Open Doors partners visit Esther, whose husband Pastor Isaac was killed in a violent attack last year.
With Islamic militant violence growing in sub-Saharan Africa, you may often hear stories of persecution and attacks in the region. That isn’t where the story ends, of course. That’s why it’s a privilege today to share the story of what happened after the attack that changed Esther’s life in the Democratic Republic of Congo (DRC).
In November 2021, the body of Esther’s husband, Pastor Isaac Muhindo Baraka, was discovered hanging from a tree. In his region, in North Kivu province in the east of DRC, attacks by the Allied Democratic Forces (ADF) have increased in recent times. The ADF is a violent group that have recently pledged allegiance to so-called Islamic State – they are continuing to attack civilians in DRC and neighbouring countries, despite attempts by the DRC government to quash the violence.
"I felt deep pain that one cannot bear." Esther
Local Christians suspect Pastor Isaac was targeted because of his efforts to tell the community about Jesus. Though 95 per cent of the country’s population are Christian, evangelists are still often most vulnerable to violent attacks by ADF and similar groups.
“I felt deep pain that one cannot bear,” says Esther. “I could not think straight.”
When Pastor Isaac was killed, Esther was heavily pregnant. “The news sent me into premature labour,” she says. She was rushed straight to the hospital, and was giving birth while her husband was being buried. “I could not be part of the burial. It was hard to accept at first.”
Their oldest son, Samuel, was able to attend. “He saw how his father was lowered into the grave,” Esther says. “To him, papa is sleeping. That is what he sometimes says when he sees his father's picture. He keeps telling me, 'Daddy is sleeping. He has gone to heaven'. For me the shock was too much, but I thank God the children are doing well… God gives strength."
After the incident, a team of Open Doors partners visited Esther. She was surprised and delighted that Christians who didn’t know her had come to support her, and that believers around the world were praying.
"I am really happy to see that we are in unity in Christ - thank you for doing us this good." Esther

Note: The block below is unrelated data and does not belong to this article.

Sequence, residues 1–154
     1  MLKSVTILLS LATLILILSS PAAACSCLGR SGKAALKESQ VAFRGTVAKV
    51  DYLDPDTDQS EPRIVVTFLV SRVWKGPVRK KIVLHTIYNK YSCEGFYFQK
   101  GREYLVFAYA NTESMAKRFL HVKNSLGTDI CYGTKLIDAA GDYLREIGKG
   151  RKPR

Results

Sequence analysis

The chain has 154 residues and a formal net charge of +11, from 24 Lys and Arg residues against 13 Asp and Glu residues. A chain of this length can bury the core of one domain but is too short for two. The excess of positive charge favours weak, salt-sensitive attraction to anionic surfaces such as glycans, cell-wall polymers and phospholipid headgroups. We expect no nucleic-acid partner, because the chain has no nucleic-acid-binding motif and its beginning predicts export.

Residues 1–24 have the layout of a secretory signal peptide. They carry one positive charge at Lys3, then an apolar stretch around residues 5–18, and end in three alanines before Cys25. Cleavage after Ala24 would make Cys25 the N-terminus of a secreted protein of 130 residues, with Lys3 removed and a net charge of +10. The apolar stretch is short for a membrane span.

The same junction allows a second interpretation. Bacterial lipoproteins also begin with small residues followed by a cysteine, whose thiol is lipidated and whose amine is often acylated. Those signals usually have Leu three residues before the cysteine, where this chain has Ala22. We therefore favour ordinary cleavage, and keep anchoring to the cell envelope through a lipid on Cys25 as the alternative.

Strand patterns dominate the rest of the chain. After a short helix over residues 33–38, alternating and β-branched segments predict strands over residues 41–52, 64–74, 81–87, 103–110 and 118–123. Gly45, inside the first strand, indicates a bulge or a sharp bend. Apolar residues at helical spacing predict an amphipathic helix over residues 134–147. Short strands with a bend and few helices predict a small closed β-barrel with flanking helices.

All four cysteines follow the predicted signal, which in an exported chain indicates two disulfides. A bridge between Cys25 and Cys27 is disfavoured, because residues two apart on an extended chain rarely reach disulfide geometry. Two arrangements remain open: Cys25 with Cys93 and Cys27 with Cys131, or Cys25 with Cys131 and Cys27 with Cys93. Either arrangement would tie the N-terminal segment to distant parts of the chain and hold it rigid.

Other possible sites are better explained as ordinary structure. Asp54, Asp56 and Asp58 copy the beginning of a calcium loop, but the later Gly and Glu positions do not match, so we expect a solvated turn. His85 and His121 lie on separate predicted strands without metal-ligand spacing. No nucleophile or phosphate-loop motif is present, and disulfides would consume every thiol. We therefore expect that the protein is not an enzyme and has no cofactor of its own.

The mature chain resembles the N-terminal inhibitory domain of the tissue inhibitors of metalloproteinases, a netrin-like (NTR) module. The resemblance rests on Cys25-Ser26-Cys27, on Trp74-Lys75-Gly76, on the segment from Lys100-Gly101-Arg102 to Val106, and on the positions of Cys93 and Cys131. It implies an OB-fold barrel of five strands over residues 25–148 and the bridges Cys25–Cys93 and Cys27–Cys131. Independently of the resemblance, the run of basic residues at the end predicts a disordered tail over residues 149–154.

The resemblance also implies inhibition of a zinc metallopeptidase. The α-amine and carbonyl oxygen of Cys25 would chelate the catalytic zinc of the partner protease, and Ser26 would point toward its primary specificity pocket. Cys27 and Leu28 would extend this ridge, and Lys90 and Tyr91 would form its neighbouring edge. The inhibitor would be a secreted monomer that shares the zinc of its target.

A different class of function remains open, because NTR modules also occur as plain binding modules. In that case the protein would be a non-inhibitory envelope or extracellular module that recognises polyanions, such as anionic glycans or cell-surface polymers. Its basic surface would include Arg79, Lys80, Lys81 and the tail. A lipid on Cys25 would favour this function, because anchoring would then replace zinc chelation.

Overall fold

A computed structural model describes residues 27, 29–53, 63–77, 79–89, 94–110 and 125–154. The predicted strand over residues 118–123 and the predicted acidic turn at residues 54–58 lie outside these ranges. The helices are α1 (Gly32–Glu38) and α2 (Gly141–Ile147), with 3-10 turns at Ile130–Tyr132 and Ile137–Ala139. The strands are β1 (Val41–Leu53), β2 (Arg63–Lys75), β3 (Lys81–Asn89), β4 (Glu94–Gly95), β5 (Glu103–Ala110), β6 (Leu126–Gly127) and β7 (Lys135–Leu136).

“I am really happy, especially happy to see that we are in unity in Christ and we will continue to support each other in the faith,” says Esther. “I know I will not lack anything because my brothers and sisters are there. They will continue to help us and pray for us. Thank you for doing us this good. May God bless you!"
As well as praying with Esther and providing fellowship, the local Open Doors partners brought Esther some money, food (rice, beans, oil, sugar, milk and salt) and other household necessities. Without her husband, it’s hard for Esther to earn money while looking after her children. She used to be primary school teacher, but can’t work while caring for her three children and for Isaac’s 12-year-old sister.
Throughout the terrible difficulties Esther faces, she is comforted by the promise in Scripture that she does not need to be afraid, and that Jesus is ‘with you always, to the very end of the age’ (Matthew 28:20).
“I know He is with us and will not leave us. And there is a hymn we sing in my church: 'Do not forget me, Saviour. When You visit the others, do not leave me. Do not forget me, Saviour. Hear me! When You answer the others, do not forget me!’.
“With the brothers who come to console us, we have the hope that God is with us, and will continue with us till the end,” Esther says. “Continue to pray for us that God will sustain us in faith so that we may raise our children in His ways."
Learn more about DRC and other countries on the Open Doors World Watch List 2022 top 50 with your free Top 50 booklet - find detailed information, testimonies and prayer requests to help connect you to your persecuted church family.